"Oculus’ creation of an immersive virtual reality experience is an exciting development," Franken wrote in an open letter to Oculus CEO Brendan Iribe, "but it remains important to understand the extent to which Oculus may be collecting Americans’ personal information, including sensitive location data, and sharing that information with third parties."
The question is, what exactly is Oculus asking to collect—and how much worse is it compared to other online services' EULAs?
The short version is, Facebook can keep tabs on what software you're running through the Oculus Home hub, where you're using your Oculus, and the positional tracking of your headset—and then will likely share that data among other Facebook-owned companies.
"I believe Americans have a fundamental right to privacy, and that right includes an individual’s access to information about what data are being collected about them, how the data are being treated, and with whom the data are being shared," Franken said in a public statement.
However, Franken's statement didn't mention any other major online services, so this is a good opportunity to review whether Oculus is really breaking new, privacy-infringing ground.
Let's run through those cases one-by-one. For starters, "information about your interactions with our services" is a long-winded way of saying, "we're gonna study anonymized data about general Oculus use." The same goes for any connected entertainment network you've used in the past five years, including Xbox Live, PlayStation Network, Hulu, Amazon Video, and Netflix. Netflix was even shameless enough to admit that House of Cards came as a result of studying its customers' watching habits.
Facebook also isn't saying much interesting with its clause on tracking a user's "location information." For starters, your IP address is pretty telling, as is any shipping information you provided with your Oculus preorder (since that's the only way people can currently buy the hardware). In addition, GPS tracking in online-service privacy statements isn't exactly new, though that's usually because the service or device in question offers useful services once we give it permission to stalk us. That doesn't mean the Oculus Rift headset has a GPS sensor in it—rather, this is the same services statement that a Samsung GearVR user will see when using its Oculus-powered app.
We imagine Oculus's smartphone-powered systems will see more GPS-powered apps before long (especially if mobile-friendly, GPS-tracked games like Qonqor or Ingress ever take a VR leap), so Oculus has to admit that it will have access to that data, at the very least. And Facebook has already made clear that it's analyzing users' GPS activity "to tailor our services for you and others," so this isn't a major leap for a company in the same corporate umbrella.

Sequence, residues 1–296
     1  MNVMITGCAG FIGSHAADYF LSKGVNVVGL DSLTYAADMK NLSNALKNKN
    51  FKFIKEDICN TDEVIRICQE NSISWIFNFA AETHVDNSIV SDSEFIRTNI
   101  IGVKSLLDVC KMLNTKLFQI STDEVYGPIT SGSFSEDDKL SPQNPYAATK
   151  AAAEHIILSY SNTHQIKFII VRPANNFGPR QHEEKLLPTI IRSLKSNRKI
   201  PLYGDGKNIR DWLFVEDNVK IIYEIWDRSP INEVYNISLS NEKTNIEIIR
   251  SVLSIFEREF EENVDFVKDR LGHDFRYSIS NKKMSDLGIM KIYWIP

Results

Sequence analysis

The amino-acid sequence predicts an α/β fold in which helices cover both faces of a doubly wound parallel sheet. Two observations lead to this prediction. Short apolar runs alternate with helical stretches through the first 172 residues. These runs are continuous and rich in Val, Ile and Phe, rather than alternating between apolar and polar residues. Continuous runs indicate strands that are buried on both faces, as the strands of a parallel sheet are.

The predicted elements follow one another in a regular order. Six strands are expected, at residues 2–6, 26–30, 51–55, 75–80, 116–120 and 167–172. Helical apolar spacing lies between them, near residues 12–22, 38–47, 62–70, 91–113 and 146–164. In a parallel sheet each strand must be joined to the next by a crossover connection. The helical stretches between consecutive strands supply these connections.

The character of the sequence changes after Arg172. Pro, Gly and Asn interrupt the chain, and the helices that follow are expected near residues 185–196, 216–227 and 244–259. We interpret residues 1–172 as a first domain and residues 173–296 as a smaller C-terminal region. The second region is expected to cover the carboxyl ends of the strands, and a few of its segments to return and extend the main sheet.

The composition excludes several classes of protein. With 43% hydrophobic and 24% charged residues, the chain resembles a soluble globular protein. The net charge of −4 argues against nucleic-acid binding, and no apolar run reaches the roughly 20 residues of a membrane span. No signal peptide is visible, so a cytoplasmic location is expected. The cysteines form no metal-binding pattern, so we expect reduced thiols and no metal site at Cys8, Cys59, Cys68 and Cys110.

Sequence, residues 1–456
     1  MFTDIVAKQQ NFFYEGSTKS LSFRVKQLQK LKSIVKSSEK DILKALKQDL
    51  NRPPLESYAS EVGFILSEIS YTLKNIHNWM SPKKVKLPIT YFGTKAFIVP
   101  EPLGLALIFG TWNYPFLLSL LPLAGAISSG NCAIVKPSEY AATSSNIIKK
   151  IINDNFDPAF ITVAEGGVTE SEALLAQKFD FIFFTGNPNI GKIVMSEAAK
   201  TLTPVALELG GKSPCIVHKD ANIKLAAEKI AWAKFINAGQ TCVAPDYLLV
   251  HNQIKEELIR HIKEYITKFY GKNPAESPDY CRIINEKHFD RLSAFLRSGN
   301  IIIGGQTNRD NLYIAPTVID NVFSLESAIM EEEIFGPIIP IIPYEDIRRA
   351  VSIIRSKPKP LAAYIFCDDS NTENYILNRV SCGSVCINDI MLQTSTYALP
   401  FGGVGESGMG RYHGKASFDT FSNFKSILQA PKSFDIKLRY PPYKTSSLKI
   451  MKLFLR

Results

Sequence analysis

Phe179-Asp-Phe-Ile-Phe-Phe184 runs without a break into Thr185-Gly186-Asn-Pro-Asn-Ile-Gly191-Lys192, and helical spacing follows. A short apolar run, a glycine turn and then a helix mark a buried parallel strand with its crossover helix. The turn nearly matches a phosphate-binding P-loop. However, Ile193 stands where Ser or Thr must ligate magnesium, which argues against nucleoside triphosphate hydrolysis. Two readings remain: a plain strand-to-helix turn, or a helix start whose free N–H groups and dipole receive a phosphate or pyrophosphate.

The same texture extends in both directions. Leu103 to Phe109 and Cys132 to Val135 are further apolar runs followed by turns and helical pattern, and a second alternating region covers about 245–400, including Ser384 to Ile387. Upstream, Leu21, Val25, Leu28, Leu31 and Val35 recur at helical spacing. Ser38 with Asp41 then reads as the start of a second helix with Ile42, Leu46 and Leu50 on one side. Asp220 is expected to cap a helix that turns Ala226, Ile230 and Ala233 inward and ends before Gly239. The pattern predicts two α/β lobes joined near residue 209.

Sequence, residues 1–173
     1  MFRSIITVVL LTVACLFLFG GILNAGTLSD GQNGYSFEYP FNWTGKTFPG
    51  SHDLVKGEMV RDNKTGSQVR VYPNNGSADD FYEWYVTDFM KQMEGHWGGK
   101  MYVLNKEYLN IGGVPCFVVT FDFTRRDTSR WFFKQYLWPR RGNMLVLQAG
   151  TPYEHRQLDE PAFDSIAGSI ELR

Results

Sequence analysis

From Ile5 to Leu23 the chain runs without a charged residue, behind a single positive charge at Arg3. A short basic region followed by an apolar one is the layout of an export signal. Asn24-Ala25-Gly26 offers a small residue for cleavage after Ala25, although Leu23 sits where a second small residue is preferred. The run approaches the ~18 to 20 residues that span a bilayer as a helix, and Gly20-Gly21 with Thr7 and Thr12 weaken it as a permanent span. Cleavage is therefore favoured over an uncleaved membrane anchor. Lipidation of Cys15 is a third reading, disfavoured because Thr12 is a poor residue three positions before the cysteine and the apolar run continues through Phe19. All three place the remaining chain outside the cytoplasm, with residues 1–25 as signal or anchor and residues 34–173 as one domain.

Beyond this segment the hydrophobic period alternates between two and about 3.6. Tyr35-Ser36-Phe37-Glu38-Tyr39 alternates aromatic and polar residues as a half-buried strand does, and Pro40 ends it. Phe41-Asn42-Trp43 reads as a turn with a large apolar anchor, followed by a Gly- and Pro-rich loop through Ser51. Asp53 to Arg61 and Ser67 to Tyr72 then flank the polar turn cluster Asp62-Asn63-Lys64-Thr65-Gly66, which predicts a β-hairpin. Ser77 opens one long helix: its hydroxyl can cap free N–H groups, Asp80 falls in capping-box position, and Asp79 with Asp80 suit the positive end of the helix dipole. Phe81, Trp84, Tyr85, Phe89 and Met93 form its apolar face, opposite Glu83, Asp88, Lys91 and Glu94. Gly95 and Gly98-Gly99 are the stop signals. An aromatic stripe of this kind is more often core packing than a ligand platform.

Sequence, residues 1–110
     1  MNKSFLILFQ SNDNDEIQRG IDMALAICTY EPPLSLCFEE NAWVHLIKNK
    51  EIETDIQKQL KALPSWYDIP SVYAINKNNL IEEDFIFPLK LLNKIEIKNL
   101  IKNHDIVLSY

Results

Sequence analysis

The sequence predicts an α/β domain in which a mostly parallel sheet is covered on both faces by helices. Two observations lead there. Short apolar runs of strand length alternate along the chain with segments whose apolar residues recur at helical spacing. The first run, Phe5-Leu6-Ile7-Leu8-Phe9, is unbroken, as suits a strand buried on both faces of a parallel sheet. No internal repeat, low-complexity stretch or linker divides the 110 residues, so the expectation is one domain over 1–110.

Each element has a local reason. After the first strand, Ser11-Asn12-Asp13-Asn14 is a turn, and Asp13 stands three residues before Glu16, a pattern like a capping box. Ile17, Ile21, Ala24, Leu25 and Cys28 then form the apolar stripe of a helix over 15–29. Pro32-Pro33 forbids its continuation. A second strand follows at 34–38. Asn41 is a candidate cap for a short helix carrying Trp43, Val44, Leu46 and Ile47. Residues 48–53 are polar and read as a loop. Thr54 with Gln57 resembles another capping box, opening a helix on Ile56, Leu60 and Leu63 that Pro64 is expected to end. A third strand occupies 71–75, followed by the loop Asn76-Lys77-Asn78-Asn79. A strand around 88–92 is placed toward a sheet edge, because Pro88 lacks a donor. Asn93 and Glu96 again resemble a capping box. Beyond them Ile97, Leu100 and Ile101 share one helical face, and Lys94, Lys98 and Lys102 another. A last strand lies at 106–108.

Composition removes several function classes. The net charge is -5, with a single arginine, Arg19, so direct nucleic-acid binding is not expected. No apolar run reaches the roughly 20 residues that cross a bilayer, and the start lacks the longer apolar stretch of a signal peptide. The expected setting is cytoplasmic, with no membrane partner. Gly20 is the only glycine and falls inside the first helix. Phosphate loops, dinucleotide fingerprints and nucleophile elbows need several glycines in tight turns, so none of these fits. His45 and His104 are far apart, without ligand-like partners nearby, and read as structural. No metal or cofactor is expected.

The last part, which gathers "information about your physical movements and dimensions when you use a virtual reality headset," seems the most prying. In good news, at least, those movements aren't being captured as photographic images, as the Oculus Rift "Constellation" sensor only tracks infrared lights. Meaning, if you wanna wave your naked butt at your headset, go to town (so long as you don't cover your cheeks with infrared sensors, at any rate). That simply leaves positional tracking of the headset mid-game and the times when the headset is left unused on a desk.
While we can understand reasons to want to opt out of any of these data-donation pools, we imagine that VR users might want Oculus to have as much positional data as possible, as this is the stuff researchers will be mining as they work on the problems of VR nausea and discomfort. Anonymized data from thousands of retail headset wearers might answer questions that a smaller pool of dev-kit owners simply couldn't.
Conversely, the ability to gather data on, say, where we point our VR "gaze" to look at is a bit disconcerting. We imagine Oculus's app isn't recording such granular data though, because that would require a lot of recording and processing, which would eat into PC performance. Oculus probably wants users to hit a rock-solid 90fps visual refresh way more than they want to know how long you stare at the caterpillar in Lucky's Tale. (However, the amount of time you spend within each app, game, or visual experience? Every other streaming-video and online gaming service captures that information, as well.)
VR is a new frontier for user experiences, but not for privacy policies surrounding a data-gathering gold-rush. The one complaint we'd levy specifically at Oculus is that its privacy and legal policy pages weren't set in stone until February—a full month after the headset's preorder campaign began in earnest—so we certainly understand why some customers would have preferred having that information before making a purchase decision.
Otherwise, we hope Congressional leaders like Franken are mindful of the fact that what Oculus is doing here is incredibly typical—and if he wants to take legal action about privacy policies, and with whom a company shares its users' data, he's gonna need a bigger boat.